The Healthcare category has come into its own during the world’s two years of Covid- 19 focus. And it’s not just the nursing field that has exploded. To get an insight on the executive employment picture, we reached out to major search firms and healthcare leadership for the real picture of the industry’s employment needs and prospects. Hospitals and health care systems may offer the greatest employment opportunities to women today; in fact, they are already mega employers of women, along with the Life Sciences (pharma, biotech, devices, diagnostic testing) sub-sector of the healthcare industry.
From a hiring standpoint, the healthcare industry job market is “on fire right now,” according to Mindy Kairey, Managing Director/Senior Partner forGlobal Healthcare Services at Korn-Ferry. “As a result of the Pandemic, the focus has really shifted to ‘delivering with excellence’ with increased emphasis on customer (patient) engagement.”
“The hiring lid that most Life Sciences firms imposed as soon as lockdowns began, especially at the executive level, has gradually lifted over the past several months as vaccination rollout began in full force in 2nd Q 2021,” explains Jacobs Management Group CEO Cari Kraft, “and now we are experiencing a Life Sciences talent shortage, with companies really competing for candidates.” During the lockdown, Kraft noted that Life Science companies worked hard to protect their workforces, doing everything possible to avoid layoffs and risk a major disruption in productivity once restrictions were lifted. “Employees expressed gratitude for such efforts,” she said, which resulted in increased company loyalty and “reluctance to change jobs until more of the proverbial ‘dust settles’ around the COVID-19 Pandemic.”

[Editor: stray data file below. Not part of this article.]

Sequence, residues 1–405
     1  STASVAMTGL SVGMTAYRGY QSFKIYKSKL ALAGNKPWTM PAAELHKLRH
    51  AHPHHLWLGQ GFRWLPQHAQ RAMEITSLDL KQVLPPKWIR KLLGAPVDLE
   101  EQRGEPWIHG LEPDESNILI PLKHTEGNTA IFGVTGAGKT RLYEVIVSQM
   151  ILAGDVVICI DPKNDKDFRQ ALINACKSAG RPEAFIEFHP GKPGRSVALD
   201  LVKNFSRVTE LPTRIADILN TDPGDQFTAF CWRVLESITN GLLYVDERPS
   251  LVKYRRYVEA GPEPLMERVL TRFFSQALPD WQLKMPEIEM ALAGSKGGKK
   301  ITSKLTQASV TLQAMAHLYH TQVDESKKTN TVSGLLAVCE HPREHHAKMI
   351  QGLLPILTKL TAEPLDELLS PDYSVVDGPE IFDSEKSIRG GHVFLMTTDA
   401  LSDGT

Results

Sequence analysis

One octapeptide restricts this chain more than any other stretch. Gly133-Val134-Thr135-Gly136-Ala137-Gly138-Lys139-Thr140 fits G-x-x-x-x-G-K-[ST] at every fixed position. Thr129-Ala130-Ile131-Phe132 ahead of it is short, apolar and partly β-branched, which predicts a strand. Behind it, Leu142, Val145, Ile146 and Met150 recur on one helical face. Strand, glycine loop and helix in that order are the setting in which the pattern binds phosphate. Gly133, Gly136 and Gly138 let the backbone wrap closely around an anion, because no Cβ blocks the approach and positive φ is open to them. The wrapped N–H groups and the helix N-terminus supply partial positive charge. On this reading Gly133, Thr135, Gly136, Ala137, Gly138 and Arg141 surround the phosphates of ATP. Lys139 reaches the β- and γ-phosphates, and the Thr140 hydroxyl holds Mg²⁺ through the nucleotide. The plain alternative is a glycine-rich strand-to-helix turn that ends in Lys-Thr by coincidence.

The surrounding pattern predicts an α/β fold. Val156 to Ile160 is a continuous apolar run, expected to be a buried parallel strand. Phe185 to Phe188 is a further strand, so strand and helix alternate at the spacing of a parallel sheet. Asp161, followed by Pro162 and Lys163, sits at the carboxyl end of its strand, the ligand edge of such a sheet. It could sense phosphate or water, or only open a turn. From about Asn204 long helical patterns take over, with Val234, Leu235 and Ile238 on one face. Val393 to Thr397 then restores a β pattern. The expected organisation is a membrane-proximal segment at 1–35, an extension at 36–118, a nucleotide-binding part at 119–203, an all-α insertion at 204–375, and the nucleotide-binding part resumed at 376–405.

Bob Clarke, Chairman of Furst Group, echoed similar sentiments. “Healthcare firms are definitely hiring again,” he reports, but have a new priority as a result of the Pandemic. “More than anything now, my clients are zooming in on agility, looking for leaders who can excel both strategically and tactically. Healthcare organizations are committed now, like never before, to addressing matters of gender and racial inequality in the executive ranks.”
Joan Gee, Managing Partner/Head of the Global Healthcare Solutions and Services practice at DHR International, reports a decided shift in hiring trends driven in part by the consolidation taking place in Healthcare. “Even prior to the Pandemic, clients had begun seeking what they call ‘utility players,’ meaning someone who is a subject matter expert in the position for which they are being recruited but who can also sit at the table with all the other leaders across the organization and add value.” In the current challenging environment Gee believes that people must “work better, faster and stronger.” Another key trend is “a greater emphasis on the ‘Customer’ experience, ibecause hospitals are starting to be reimbursed based on the value and quality of the care they deliver to patients.”
John Baker, EVP and Managing Partner for DHR International’s Global Life Sciences practice, notes that “hiring is up again in all parts of the Life Sciences sub-sector, with the greatest uptick in executive hiring taking place in the ‘diagnostics’ sector, driven by the huge increase in testing demand brought about by the COVID-19 crisis.”